New Braunfels Herald Zeitung, July 27, 1995, Page 7

New Braunfels Herald Zeitung

July 27, 1995

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Issue date: Thursday, July 27, 1995

Pages available: 23

Previous edition: Wednesday, July 26, 1995

Next edition: Friday, July 28, 1995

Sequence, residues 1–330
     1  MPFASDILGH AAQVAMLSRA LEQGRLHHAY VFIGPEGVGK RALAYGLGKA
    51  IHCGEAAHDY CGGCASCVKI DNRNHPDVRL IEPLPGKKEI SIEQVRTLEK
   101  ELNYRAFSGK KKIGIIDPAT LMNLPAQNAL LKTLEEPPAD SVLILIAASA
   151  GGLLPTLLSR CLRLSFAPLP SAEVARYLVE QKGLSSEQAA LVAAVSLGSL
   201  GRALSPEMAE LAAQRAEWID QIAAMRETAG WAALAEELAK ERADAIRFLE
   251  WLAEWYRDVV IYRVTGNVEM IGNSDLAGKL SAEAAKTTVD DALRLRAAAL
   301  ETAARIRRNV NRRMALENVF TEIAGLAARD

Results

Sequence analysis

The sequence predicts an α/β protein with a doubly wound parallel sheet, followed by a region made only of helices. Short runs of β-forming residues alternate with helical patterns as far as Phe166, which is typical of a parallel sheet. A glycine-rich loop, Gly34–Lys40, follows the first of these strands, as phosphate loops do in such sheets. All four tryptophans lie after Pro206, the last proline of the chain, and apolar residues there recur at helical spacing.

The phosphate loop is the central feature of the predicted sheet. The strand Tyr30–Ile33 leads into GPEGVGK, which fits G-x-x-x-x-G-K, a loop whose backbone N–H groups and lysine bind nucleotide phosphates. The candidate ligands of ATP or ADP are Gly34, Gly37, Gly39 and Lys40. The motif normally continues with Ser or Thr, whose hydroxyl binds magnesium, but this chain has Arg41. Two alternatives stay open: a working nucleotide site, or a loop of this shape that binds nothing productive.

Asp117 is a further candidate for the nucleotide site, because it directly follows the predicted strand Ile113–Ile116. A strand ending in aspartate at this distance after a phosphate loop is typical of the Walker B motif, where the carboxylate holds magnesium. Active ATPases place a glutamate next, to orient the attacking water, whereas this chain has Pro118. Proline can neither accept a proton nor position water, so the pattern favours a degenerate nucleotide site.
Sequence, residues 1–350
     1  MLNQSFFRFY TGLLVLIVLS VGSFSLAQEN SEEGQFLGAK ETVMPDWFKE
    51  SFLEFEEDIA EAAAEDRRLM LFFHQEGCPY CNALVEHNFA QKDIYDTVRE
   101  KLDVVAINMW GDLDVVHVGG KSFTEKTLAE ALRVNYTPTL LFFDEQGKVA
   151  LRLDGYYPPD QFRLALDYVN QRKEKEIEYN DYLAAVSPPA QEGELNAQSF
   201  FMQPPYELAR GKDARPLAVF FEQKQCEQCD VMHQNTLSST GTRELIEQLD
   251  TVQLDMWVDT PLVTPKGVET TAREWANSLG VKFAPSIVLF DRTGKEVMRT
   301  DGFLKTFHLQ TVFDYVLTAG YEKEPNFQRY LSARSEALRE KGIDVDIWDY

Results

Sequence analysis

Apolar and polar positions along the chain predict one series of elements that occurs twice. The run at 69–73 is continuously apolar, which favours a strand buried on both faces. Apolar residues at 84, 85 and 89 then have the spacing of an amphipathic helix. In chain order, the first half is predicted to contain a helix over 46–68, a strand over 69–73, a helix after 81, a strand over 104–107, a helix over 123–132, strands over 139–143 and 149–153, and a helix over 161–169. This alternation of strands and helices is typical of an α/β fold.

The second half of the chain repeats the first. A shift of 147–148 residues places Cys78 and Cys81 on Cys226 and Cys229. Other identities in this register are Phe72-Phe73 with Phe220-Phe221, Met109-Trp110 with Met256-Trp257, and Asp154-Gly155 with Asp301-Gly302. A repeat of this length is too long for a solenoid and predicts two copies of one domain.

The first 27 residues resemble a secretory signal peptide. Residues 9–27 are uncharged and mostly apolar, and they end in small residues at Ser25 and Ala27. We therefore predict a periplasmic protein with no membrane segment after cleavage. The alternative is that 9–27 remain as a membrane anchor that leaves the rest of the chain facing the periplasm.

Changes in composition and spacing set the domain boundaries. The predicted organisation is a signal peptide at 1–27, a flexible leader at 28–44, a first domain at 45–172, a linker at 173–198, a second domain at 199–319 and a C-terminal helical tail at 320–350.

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New Braunfels Herald Zeitung (Newspaper) - July 27, 1995, New Braunfels, Texas Heralc^eitungC^hure^Films in Focus ' Species' By David Elliott Copley News Service If you had to have sex with an alien monster who is masked by a human body, you might wish that the thing had the body of Natasha Henstridge. The young model-turned-actress is very much on display here. Her acting is often in competition with her body, which seem more keen to make public appearances than the alien thing squirming and snarling inside her. Henstridge is all over this big, slick, not-for-kids, fairly scary, rather silly thriller. As Sil, she escapes in preteen form from a federal lab where she was grown from space seed. The government’s chief scientist, played by suitably domed and crinkle-browed Ben Kingsley, was preparing to gas her (an oddly resonant choice, given Kingsley’s big role in “Schindler’s List”). Seems that the alien within is growing up fast and furious. It’s a she, and no E.T. After escaping, she smartly adapts the tall, lean, Nordic bod of Henstridge. Henstridge is not a dull woman-nequin, another Paulina Porizkova making wet lips at the camera. She performs well inside her limits of service to: I) the enemy within, who seeks to mate with a human hunk, and 2) director Roger Donaldson’s zeal to uphold the superior claims of our own species, by flashing Henstridge’s physical charms as often as possible. Kingsley, after shedding a tear to show he is not a tech-nerd, sets off in pursuit with his bold new team. They spend a lot of time feverishly debating, while slamming car doors and rushing through corridors. They are the anthropologist Alfred Molina, the biologist Marg Helgenberger, the psychic and “empath” Forest Whitaker and the hit man Michael Madsen, a guy so tough he probably wakes up to coffee brewed from rocks. Whitaker has the goof part, unintentionally. He’s so empathetic, so brimming-over with tremulous emotion that he seems to be having an Actors Studio meltdown. He also speaks remarkably obvious lines, such as, “Something had happened,” and “She looks so nice.” Thank you very much; now I can put down my crayon. Is Sil, the Kali-as-cutie, a subtle advance for film feminism? Maybe Camille Paglia can rush into print with an analysis. One thing is for sure. With his voyeuristic fix on Henstridge, Donaldson is no advance in male piggery. Even a Trappist monk on holiday might look at Henstridge and think, reverently, that here is one boss babe. “Species” slams forward, with big-budget vim. As shown in “No Way Out,” Donaldson can rig and pace a thriller. With monsters designed by H.R. Giger, the “Alien” maestro, the film provides chilly shocks to compensate for a transparent plot and often dorky dialogue. There are dub- wha ? moments. A big one arrives when the team chases the wild thing under an old L.A. hotel. There they find an apparent merger of the La Brea Tar Pits, Carlsbad Caverns, unexplored oil deposits and the Viennese sewers of “The Third Man.” Hey, Harry Lime, come up for some strudel! This movie is “Alien” invading the plot body of “The Hidden,” Jack Sholder’s cheaper, funnier, zippier 1987 terror romp in which an alien occupied a quick-change series of bodies in L.A., the most amusing bod being a ’50s-style thug who might have been the ancestor of Madsen (and let’s give Madsen credit for playing another lummox with ripe conviction — in a sex , scene with Helgenberger, he looks at her as if sizing up a new ashtray). Jumpy with horror vitamins, frisky with bared skin, “Species” is sorta fun, if you don’t mind its core of generic nonsense. This movie knows its lineage. The truth of its drive-in pedigree is stated by Madsen, almost sheepishly: “What are we lookin’ for? A giant moth?” “Species” is rated R. *** Disney division exhibits the art of small films By Robert J. Hawkins Copley News Service Miramax showed the world that small-budget independent and foreign films have an audience in the United States. It has enjoyed major success with such quality fare as “The Thin Blue Line,” “The Grifters,” “Like Water for Chocolate” and “Pulp Fiction." In fact, Miramax was so successful that Disney bought it. So far, being inside the House of the Mouse hasn’t compromised Miramax’s strong independent streak. Miramax’s penchant for quality films and Disney’s marketing muscle have proved complementary. The most recent Miramax titles on video include Robert Altman’s savaging of the fashion industry in “Ready to Wear.” “Red,” the final piece in Krzysztof Kieslowski’s color troika is now available. On Aug. 22, Willem Dafoe and Miran- SEAN CONNERY • Born: Thomas Connery on Aug. 25, 1930, in Edinburgh, Scotland. • Worked: As a bricklayer, lifeguard, coffin polisher and swimsuit model before hitting it big in 1962 in "Dr. No.” (As James Bond, of course.) • Won a Best Supporting Oscar: For his role in "The Untouchables." • Latest role: King Arthur in "First Knight" with Richard Cere. Copley News Service Eagles Hall - New Braunfels Friday July 28,1995 Steak & Dance Featuring Cartons walker Country/Western Dinner 6-8pm (Dinner only $7") Dance 8-12am (Dance only $5**) Cal for Reservations: 625-7243 or 625-1116 Bingo Every Thursday a! 7 OO p rn Lie 74 1328848-5 257 E. South St Hall rental for Wadding!, Anniversaries and Reunions 625-7243 w STATION I.tidies' Brit itch I WI \ Sulk!,I'- {jogs OSeneefict, Crepes £ JlCimosa's Child's menu and Regular menu amiable rn w* et ■ wwwnuur vvvvvy ^    Presents    * ner ISIIgh’ts every Friday & Saturday <*>*, ‘ tusk: provided by a D.J. , (a variety of music) playing all night long 606-0277 4455 FM 482 Solms Rd. Doon Open 7 days a weak 3p.m. HI 2a.m. xftk vdfck Cfi -J ROCK -/V- ROLL SAT. 29th I HAPPY HOUR MON-THUR 3-10 PM FM 306 @ FM 2673    964-3992 Hollywood substrata of “major independents,” one that brings a familiar name to the game: Hallmark. The public will soon start thinking of Hallmark in terms other than warm, fuzzy made-for-TV films and muzzy greeting cards. The company is positioning itself as a leading distributor of independent films. Hallmark Home Entertainment makes its debut with three strong titles, the caliber of which Executive Vice President Steve Beeks says “sets the pace for what is to come.” Two of those come from respected independent film producer Samuel Goldwyn Co.: the Academy Award-nominated foreign-film comedy “Eat Drink Man Woman” and David Mamet’s troubling sexu-al-harassment meditation “Olean-na.” The third film, the made-for-TV drama “Getting Out” (Rebecca De-Mornay, Ellen Burstyn) is based on a Marsha Norman play. It was produced by parent company Hallmark Entertainment. Hallmark will distribute future Goldwyn films, such as “The Madness of King George,” and about a dozen new titles a year. It also has access to the Goldwyn studio’s library of more than 200 titles (such as “Wild At Heart”), a; well as Goldwyn’s J. Arthur Rank holdings, more than 400 films. i Another respected independent, October Films, also will be distributed by Hallmark. October will provide about IO video titles amrit'-ally under the three-year pact, starting with “Search and Destroy,” directed by David Salle. (October’s recent film-noir masterpiece “The Last Seduction” is now available from Polygram, ridder a previous distribution agreement.)    ,,'a Hallmark also has established* a second video label, Evergreen ffr tertainment, to handle more adult-themed films from Goldwyn abd October. The first of these come to video Aug. I. Lori Singer and Mickey Rourke team up for “The Lait Ride” — a lusty mix of outlast living, rodeo sawdust and ldvd. And in “Suture,” Dennis Haysbeft and Mel Harris find themseiydk mired in a Hitchcock-esque plot of treachery, mistaken identity aqd suspense. •ow GIII KOOKS AV AII AHII WALNUT 6 629-6400 IM 35 and Walnut Ave. AUL SHOWS BEFORE 6.-00 PM $3.00J Ibm good 7/28 thru STS * ' *************** CX* umi STATION Child’s Plate Available STEAK # SHRIMP OO.- St' I D Cf,"! I cd OC A"0--> 4 Mand Beaded St”, mo %#REGSaaadrCrocleSo| W HEGs.;:* c^o ci. a. DAILY 10-    &    u',as I Otis! Limited Time Otter Lunch Special 7f $071 w,„ /tea 11am-2 pm Mon. - Fri. not valid w’/other discounts Atter dinner enjoy live entertainment • no cover Sun - Tern Hendrix Tues - Painted Pony    NO Thurs -Mike Daniels    COVER Fri - Mike Abernathy Sat 7 29 - Mike Daniels 629-3311 For Reservations & To Go Orders ^aterworld A Ron (toward Film    Daily    M APOLLO 13 ars?-'1 The Net 7:10 9:25 Si Dumbo Drop i„ ji-- Daily 12:40 3:05 5:20 7:35 8:50 th. INDIAN    Daily th.cItPBOABD 12 55 2:55 5:10 lEid 7:15 luau Simi (g)    7:05    9:35 BRAUNTEX 625-4411 290 W. San Antonio $1.50 ALL SHOWS $1.50 Tb»«< flood 7/2 S Ani WSjl Forget Paris Daily 2:00 4:10 7:00 8:10 A Gooff MOVIE ED Daily 1:45 3:15 Fluke Daily 4:45 7:10 9:00 Catch the local entertainment buzz Wednesdays on the Entertainment Page Cancun Cafe For the month of July, iv* are running Lunch Specials Monday through Friday .* From 11am - 2pm Monday    Carne Guisada, rice, beans, lettuce & tomato................... .............................$2.99 k * I I/,    ,    /    ,    /Tuesday    ^-Enchilada, chalupa, or taco ITienetLrekefmiteeeerfif/    ^    ..................................*2.99 Cantina Specials    Wednesday ^-Enchilada, challa. He*. r    beans, tostada con queso $2.99 Margarita Specials    Thursday ^-Enchilada. taco, rice and beans. j 5pm until cloning    ..............................................................$2.99; Friday    #4--2 Enchiladas, rice, beans,    lettuce, \ \ 5pl    with purchase    tomato, tostada con queso.........$2.99; of any entree    ^Q Substitutions Please d I Located in front of Courtyard Shopping Center Take Out Orders Available -; 196 IH 36 Waat • New Braunfels, Tm • 629-4444 • Sunday - Thursday 11am - 10pm • Friday A Saturday Ham - 11pm ’• J J t ;